This is not a perfect solution to the problem, but this is my attempt to be like Aryeh Kaplan’s dear roommate and do some lifting when someone out there needs help.

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  1. We are modern orthodox and would be happy to host.

  2. We live in Waterbury, ct….@allison Joseph this issue u bring up, I completely agree with!..thumbs up for this spot on article!!…together we can slowly chAnge the world for the better!!…hope we can help out in some way to help pple stay with their faith!!

  3. Atara in Plainview, NY

  4. it exists..foot steps

    • Allison Josephs Allison Josephs : May 20, 2014 at 5:30 pm

      thanks for your comment, danny, but footsteps helps ex-haredim acclimate into the larger world not into another orthodox community. we have seen that there is a specific need for that so we are trying to fill that that need.

  5. perel from monsey. First of all, I think I may know the couple you mentioned in your blog. I hosted them a couple of times for Shabbos meals. My husband and I are happy to help. We are on Shabbat.com

    And may I just say, viewing this long list of people willing to help, and open to the problem – Mi K’amcha Yisrael! We see that there are still lots of open-minded Orthodox Jews who want to express their Ahavas Yisrael!

  6. We live in Kew Gardens Hills Queens. We have an open house, are non judgemental, and welcome any Jew who would like to spend Shabbos with us. We have a fun household.

  7. I literally dont hang out with my friends that live in frummer areas because of this. I won’t go to their houses for shabbos either. Or yom tov. Luckily, I live in a bt community with an eruv, and I am scared when my family will move away from here in a year because I don’t want to be so connected to the insular hareidim that have belittled my family and Judaism.

    • Allison Josephs Allison Josephs : May 23, 2014 at 8:11 am

      thanks for your comment, Ni Ro – i just want to clarify that not are “haredim” belittle other Jews. there are many wonderful haredim out there who are accepting and non-judgmental.

  8. Boruch N. Hoffinger : May 25, 2014 at 4:28 pm

    “roommate’s magnanimous reaction…” What’s so magnanimous about not trying to direct someone towards the best life possible, ‘The Torah Way?’ This ‘friend’ was weak in his observance.

    • Allison Josephs Allison Josephs : May 25, 2014 at 10:03 pm

      Thanks for your comment, Baruch. I am a big fan of exposing all Jews to the beauty and riches of Torah wisdom and living. But the thing about this story is that young Aryeh Kaplan had already done some learning. So he had been exposed. What was so magnanimous about his friend’s offer was that he was willing to give with no strings attached and with no agenda other than to give.

      And the thing about that kind of giving is that it was the very thing that made young Aryeh reconsider his decision to leave (which led him go on to become the Torah giant that he became). So I will have to disagree with you and reiterate that it was in fact magnanimous. Having exemplary character traits is one of the best ways to inspire Jews to connect with their heritage.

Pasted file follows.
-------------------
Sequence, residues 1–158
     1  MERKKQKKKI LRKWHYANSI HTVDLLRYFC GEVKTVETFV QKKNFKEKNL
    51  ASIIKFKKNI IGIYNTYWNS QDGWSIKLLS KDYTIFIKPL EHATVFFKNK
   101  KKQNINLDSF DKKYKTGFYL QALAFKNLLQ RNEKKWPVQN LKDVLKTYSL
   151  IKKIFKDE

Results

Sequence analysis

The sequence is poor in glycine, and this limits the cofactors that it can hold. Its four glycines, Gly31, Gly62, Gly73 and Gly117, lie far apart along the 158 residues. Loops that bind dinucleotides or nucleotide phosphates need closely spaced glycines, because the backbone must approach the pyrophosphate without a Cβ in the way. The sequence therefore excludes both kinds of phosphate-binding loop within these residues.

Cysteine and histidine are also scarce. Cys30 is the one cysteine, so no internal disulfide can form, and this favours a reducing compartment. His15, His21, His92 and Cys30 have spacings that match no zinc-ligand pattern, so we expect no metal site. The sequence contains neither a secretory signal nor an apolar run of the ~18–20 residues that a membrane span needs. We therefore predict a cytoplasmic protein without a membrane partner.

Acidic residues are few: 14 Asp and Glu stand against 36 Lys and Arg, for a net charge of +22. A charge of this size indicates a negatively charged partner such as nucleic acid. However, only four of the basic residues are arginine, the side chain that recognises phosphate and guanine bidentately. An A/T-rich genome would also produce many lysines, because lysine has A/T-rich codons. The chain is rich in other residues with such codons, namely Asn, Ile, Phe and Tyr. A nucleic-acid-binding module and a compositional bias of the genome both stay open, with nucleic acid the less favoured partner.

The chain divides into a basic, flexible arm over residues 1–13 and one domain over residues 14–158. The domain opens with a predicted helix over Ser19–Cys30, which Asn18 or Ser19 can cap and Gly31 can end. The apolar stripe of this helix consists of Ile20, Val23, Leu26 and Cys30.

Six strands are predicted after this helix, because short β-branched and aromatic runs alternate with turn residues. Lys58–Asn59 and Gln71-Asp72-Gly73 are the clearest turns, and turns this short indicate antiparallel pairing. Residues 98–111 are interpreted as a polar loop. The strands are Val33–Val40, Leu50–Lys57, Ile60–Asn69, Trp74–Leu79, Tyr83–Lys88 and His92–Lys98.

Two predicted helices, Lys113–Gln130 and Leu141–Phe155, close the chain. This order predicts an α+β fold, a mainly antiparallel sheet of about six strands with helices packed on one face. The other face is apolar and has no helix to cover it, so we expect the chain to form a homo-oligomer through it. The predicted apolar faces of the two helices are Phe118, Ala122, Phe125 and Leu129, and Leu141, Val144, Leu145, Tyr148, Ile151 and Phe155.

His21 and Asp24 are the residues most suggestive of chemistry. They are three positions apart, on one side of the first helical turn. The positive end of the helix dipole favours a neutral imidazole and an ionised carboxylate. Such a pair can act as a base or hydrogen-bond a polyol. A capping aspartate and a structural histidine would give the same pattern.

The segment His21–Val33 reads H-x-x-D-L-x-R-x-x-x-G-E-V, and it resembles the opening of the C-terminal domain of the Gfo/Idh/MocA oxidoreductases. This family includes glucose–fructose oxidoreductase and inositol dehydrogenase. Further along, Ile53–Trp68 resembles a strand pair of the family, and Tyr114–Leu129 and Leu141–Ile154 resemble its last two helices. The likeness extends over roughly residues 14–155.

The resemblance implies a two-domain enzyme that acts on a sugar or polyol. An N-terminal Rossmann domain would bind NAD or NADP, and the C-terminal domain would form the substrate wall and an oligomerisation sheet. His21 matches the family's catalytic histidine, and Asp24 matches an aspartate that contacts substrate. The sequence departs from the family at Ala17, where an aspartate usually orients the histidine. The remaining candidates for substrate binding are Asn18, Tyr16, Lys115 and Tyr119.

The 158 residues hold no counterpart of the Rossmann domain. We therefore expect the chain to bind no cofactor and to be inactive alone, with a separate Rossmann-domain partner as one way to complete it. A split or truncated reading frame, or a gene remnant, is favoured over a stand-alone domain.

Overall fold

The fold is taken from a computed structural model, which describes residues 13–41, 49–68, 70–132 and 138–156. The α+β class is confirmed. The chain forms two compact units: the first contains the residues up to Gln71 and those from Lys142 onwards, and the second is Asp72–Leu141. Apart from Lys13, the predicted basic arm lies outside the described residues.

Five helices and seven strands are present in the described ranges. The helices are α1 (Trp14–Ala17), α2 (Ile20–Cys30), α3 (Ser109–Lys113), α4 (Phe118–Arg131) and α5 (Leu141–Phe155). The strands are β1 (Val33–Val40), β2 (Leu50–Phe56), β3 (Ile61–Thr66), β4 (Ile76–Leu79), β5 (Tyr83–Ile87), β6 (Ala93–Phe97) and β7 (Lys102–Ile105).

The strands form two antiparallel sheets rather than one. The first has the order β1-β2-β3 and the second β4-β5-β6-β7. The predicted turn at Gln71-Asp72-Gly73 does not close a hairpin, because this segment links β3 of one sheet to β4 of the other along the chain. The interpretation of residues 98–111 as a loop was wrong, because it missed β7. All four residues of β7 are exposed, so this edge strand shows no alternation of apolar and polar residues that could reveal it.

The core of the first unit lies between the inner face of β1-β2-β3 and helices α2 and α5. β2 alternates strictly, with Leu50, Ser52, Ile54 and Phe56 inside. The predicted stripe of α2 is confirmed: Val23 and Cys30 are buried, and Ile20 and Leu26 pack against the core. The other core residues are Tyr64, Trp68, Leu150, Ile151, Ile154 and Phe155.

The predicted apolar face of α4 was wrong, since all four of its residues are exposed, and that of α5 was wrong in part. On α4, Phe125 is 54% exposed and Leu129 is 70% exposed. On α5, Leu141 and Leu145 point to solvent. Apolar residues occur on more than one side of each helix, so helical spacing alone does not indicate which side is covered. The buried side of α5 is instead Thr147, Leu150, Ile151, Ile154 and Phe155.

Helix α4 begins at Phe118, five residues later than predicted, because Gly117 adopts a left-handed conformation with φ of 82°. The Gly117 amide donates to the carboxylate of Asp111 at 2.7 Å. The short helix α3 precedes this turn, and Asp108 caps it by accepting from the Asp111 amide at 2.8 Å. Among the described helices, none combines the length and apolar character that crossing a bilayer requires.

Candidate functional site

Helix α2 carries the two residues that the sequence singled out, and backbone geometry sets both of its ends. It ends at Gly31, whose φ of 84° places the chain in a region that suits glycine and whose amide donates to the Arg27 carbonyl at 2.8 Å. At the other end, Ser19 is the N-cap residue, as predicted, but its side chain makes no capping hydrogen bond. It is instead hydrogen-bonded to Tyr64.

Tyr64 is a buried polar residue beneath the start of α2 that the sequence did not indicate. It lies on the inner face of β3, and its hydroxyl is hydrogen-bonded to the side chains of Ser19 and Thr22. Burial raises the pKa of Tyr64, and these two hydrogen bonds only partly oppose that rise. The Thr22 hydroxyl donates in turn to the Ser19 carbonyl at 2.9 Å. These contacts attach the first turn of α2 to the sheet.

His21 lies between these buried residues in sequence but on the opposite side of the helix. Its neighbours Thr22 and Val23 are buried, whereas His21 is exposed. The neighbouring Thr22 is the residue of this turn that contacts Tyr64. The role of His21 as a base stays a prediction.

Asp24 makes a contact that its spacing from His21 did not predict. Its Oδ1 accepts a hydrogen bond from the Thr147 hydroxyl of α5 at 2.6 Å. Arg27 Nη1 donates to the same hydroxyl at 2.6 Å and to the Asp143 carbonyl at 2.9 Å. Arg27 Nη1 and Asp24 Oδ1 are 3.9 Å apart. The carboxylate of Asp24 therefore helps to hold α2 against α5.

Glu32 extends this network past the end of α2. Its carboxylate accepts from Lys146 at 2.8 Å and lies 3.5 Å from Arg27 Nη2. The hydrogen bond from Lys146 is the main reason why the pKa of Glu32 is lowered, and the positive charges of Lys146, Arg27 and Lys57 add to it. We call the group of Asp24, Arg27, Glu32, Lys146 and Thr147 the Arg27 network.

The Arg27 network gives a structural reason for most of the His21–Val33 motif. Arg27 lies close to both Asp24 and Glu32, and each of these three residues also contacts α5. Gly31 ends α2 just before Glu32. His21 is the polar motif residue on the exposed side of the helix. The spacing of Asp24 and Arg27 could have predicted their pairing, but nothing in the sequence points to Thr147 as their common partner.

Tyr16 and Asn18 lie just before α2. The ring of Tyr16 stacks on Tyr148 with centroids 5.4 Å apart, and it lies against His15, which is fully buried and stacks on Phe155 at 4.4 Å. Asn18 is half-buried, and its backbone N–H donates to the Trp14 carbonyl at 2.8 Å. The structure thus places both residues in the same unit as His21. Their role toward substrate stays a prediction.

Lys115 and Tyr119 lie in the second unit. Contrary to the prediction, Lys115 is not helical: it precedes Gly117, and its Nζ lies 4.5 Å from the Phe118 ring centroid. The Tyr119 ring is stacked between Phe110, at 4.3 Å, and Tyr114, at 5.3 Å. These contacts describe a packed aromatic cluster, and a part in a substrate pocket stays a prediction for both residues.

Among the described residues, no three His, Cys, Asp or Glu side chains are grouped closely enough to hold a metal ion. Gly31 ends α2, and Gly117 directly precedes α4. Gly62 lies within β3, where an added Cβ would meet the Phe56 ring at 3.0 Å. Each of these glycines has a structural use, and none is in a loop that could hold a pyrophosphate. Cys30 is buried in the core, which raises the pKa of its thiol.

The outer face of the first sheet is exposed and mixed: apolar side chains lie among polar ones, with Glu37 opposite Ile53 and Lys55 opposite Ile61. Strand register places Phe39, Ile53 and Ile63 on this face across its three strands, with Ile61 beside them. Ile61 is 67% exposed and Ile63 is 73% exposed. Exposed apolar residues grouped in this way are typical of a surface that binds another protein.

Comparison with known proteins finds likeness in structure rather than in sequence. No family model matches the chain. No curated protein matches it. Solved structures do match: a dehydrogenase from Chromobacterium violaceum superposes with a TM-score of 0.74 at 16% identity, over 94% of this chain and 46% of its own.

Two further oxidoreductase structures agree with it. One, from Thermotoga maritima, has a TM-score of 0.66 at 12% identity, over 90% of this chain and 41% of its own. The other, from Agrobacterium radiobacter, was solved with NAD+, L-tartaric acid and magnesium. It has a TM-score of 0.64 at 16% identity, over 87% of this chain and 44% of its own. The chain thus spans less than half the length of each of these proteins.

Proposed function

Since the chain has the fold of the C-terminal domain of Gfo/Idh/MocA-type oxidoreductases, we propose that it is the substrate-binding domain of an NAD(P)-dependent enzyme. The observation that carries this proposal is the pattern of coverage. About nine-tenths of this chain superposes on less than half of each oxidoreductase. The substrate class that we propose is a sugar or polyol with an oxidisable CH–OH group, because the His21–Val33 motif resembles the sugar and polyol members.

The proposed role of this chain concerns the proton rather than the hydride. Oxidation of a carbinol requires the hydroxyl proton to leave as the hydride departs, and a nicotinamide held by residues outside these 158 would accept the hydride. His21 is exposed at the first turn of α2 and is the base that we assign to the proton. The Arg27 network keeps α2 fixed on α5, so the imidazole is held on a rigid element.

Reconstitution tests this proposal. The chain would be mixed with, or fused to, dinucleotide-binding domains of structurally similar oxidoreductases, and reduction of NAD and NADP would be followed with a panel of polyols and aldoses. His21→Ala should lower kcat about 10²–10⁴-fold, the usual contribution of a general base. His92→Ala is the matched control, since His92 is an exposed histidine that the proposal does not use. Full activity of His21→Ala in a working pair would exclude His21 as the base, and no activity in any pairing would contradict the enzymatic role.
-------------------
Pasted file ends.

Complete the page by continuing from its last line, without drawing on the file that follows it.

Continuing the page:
9. Elisa Zoldan : May 27, 2014 at 3:27 am

    Elisa and ronen n6 london. Uk. we love hosting people

  10. Elisheva and Yonatan from Kew garden hills, Queens. We dont have sleeping space but we would be happy to host for a meal or chat with anyone. I am from monsey so I grew up with a lot of exposure to the chassidish community.

  11. Hesh Follman : May 27, 2014 at 12:11 pm

    would welcome people from any background…..as a rather worldly couple we would love to listen to other peoples spiritual or other travels and offer input if / when requested….

  12. Daniel Kronengold : May 27, 2014 at 2:15 pm

    Rabbi Daniel Kronengold, Bronx, NY

  13. Onit and Adam : May 27, 2014 at 11:08 pm

    Elkins Park, PA….you are welcome 🙂

  14. edmonton, alberta. canada. always happy to host. can accomodate modern, chabad, haredi, all welcome.

  15. Aliza
    Linden, NJ

  16. Very refreshing and nice to see warm Yidden from all over. I’m sorry to say that this is not the situation in every neighborhood. My neighborhood however has not been so warm and welcoming. Perhaps you have to be a Russian/Ukranian to be accepted here. If you are, then there are all sorts of programs and invitations. American Jews are treated as second class citizens even by the rabbis of the shuls in the area.

  17. I’m not equipped to host anyone at this present moment (vagaries of graduate school), but if you follow up with me in a few years, I hope I will be. So please feel free to contact me at any time and ask me whether I am equipped yet to host. As soon as I am able, I will be eager and willing.

  18. Bergenfield, NJ

  19. Adam in Baltimore. Yasher koach on this wonderful idea, I’m sorry I only found out about it now. Willing to host anyone looking, we ourselves are pretty much center, maybe a bissle to the right.

  20. We live in Scranton pa. We could host 2 adults (and kids) whenever. We are Makom members, and as family are willing to help anyone going through the same (or even worse) situation.

  21. Gershom Gale : May 16, 2016 at 8:01 pm

    My name is Gershom Gale. I don’t have much to offer, but if anyone on the way in or out of becoming Chareidi would ever like to be hosted for a Shabbos seudah, I can offer that. I don’t really have anything else to offer.

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Allison Josephs

Allison is the Founder and Director of Jew in the City. Please find her full bio here.